Section 199A: Deal Considerations When Buying or Selling a Partnership or LLC Interest

By Daniel M. Cousineau

Internal Revenue Code section 199A attracted immediate attention when it was enacted last December, since it created a new tax benefit.

Section 199A allows individuals to deduct up to 20% of the “qualified business income” from certain types of businesses operated in “pass-through” form. Partnerships, limited liability companies, S corporations and sole proprietorships meet this definition because there is no corporate level tax and the earnings from the business pass through to the owners for tax purposes.

While the intent of Section 199A was to generally put business owners operating in pass-through form on the same footing as businesses who received a reduced 21% federal corporate tax rate, the complexity of the rules left many questions in need of clarification.

On August 8, 2018, the Treasury Department issued proposed regulations addressing some of these questions. One such clarification is the extent to which a buyer of a pass-through entity can avail themselves of the 20% deduction.

Purchases of a pass-through entity are often structured in a way so as to maximize the “step-up” in basis in the business assets and to create additional tax depreciation and amortization. These tax benefits can be of tremendous value because they reduce future taxes and impact the projected profitability of a business. Depending on the amount of tax benefits at stake, parties can spend a significant amount of time modeling and negotiating over these tax benefits.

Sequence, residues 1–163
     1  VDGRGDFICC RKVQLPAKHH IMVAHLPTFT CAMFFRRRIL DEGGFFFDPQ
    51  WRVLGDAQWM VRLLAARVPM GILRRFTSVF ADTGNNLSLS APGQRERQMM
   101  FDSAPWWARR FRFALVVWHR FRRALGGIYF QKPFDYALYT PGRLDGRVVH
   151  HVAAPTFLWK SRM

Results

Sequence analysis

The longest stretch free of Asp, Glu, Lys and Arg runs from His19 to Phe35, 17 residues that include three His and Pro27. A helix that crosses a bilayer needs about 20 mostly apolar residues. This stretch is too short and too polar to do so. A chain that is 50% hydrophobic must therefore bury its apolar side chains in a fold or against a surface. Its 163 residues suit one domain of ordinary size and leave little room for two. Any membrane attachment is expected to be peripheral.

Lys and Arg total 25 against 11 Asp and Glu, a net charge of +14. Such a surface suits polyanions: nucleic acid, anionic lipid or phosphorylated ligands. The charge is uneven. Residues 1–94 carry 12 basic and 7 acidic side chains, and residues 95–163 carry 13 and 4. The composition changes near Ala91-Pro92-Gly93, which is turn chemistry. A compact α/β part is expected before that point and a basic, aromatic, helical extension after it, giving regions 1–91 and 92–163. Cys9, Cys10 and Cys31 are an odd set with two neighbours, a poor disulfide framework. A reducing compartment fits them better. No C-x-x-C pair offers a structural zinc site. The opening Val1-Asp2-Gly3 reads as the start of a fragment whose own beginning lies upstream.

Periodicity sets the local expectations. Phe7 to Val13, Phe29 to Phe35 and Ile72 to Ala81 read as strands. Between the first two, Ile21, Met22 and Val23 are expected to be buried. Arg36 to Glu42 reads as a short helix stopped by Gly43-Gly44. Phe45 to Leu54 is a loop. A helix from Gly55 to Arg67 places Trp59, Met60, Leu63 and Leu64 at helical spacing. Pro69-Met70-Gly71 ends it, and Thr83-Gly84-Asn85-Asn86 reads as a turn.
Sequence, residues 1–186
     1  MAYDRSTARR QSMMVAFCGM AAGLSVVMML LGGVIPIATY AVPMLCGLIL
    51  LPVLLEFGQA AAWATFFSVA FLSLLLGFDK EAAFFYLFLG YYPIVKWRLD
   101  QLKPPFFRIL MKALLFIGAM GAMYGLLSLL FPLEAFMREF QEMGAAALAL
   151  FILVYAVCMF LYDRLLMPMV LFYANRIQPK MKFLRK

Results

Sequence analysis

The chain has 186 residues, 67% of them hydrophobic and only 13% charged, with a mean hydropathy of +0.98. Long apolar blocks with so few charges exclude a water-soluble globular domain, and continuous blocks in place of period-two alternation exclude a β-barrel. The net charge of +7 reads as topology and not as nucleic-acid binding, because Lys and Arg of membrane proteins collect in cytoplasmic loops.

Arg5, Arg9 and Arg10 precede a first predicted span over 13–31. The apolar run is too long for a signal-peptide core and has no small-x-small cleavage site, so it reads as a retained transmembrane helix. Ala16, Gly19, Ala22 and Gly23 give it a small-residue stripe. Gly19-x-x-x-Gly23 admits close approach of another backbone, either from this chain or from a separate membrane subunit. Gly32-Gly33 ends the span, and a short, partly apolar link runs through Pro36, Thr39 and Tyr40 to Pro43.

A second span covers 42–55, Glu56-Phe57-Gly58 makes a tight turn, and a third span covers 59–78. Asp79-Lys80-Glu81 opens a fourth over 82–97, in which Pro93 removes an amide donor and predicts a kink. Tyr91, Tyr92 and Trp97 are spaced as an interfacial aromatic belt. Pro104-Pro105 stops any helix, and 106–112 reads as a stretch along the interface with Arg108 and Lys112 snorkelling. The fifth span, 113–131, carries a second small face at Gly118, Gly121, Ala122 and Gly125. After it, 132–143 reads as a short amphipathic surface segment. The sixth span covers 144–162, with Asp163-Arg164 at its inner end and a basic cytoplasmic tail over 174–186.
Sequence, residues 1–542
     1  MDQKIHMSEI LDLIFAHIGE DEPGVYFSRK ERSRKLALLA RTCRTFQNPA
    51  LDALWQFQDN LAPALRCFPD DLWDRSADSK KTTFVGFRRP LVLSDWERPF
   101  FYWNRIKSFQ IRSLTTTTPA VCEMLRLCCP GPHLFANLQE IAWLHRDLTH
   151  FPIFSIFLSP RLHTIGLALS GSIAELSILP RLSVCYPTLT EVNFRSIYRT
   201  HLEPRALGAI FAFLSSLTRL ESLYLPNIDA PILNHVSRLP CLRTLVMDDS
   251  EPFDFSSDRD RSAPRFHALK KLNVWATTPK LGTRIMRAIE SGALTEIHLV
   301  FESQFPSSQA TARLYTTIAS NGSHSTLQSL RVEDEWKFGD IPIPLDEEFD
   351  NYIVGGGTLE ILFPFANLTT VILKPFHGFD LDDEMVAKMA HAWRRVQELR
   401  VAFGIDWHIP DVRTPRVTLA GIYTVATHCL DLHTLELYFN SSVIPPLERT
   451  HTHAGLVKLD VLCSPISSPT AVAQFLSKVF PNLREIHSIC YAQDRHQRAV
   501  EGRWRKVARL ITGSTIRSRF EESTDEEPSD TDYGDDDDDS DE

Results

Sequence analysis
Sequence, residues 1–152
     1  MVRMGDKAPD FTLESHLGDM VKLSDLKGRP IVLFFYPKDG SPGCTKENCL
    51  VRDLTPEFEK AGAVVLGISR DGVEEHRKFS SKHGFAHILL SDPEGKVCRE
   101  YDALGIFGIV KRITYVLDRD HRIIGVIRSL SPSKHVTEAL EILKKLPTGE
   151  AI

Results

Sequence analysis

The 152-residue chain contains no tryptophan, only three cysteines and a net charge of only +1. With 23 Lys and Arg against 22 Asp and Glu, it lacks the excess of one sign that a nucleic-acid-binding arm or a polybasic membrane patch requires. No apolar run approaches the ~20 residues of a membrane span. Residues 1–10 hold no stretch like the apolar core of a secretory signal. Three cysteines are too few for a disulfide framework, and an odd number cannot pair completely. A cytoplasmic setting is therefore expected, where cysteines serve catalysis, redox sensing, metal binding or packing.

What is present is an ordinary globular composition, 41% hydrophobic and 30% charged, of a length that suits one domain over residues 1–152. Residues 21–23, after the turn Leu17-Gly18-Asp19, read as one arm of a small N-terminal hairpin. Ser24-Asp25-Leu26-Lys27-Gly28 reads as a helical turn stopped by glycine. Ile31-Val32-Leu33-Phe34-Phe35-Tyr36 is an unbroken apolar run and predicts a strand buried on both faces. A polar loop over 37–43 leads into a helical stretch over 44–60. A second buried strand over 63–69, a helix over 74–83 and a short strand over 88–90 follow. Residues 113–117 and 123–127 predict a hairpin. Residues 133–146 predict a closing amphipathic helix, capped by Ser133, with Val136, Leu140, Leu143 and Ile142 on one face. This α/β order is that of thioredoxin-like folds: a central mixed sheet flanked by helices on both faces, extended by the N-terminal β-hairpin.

The proposed regulations clarify that special basis adjustments are disregarded for purposes of Section 199A, meaning that any Section 743(b) basis step-up (generally, basis allocated to tax goodwill and specifically enjoyed by the buyer) may be negated or diminished by having to pay a higher tax rate on those earnings. If buyers of a pass-through entity anticipate the 20% 199A deduction and are modeling and negotiating based on this assumption, they are likely to be in for quite a surprise to the extent that their earnings are in part attributable to Section 743(b) special basis adjustments. A bifurcated interest in a business that is partially eligible for the Section 199A deduction and partially ineligible also creates complex accounting and compliance issues.

The optimal way to structure the purchase of a pass-through entity will depend on the particular facts. Because this analysis is largely quantitative in nature, it is imperative that buyers are modeling their effective tax rate appropriately.

The Section 199A deduction will also have an interesting impact on the negotiation of tax distributions. Where a qualified business is involved, it is likely that the tax rates amongst the members will vary more significantly because some members may be able to avail themselves of the Section 199A deduction while others will not. This may make tax distributions less accurate going forward and there could be certain members receiving tax distributions well in excess of their actual tax liability.

Please contact the MSK tax team if you have any questions with respect to the Section 199A deduction and how the proposed regulations may impact your anticipated purchase or sale of a pass-through entity.

David Wheeler Newman
Allan B. Cutrow
Jeffrey D. Davine

Jeffrey K. Eisen
Robin C. Gilden
Charles Kolstad
Robert J. Lowe
S. Eva Wolf 
Daniel Cousineau
Andrew Park

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